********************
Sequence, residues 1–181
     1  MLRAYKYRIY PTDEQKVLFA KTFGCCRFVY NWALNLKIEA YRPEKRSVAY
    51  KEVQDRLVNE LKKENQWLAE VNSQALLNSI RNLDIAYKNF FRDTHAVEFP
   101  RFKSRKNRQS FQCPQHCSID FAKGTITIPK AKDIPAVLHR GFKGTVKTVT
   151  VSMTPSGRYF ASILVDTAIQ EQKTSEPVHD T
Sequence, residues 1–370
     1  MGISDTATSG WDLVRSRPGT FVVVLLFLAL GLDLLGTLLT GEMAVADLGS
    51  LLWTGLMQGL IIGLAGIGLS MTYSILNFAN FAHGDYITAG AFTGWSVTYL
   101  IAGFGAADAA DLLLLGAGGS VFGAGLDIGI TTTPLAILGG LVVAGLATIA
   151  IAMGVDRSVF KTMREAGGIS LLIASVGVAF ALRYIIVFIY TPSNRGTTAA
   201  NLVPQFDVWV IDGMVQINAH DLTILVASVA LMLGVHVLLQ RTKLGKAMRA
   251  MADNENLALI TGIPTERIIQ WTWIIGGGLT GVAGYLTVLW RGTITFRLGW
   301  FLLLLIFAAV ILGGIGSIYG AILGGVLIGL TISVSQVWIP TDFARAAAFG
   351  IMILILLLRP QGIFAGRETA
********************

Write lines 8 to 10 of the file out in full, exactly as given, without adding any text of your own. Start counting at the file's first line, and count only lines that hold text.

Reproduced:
    51  LLWTGLMQGL IIGLAGIGLS MTYSILNFAN FAHGDYITAG AFTGWSVTYL
   101  IAGFGAADAA DLLLLGAGGS VFGAGLDIGI TTTPLAILGG LVVAGLATIA
   151  IAMGVDRSVF KTMREAGGIS LLIASVGVAF ALRYIIVFIY TPSNRGTTAA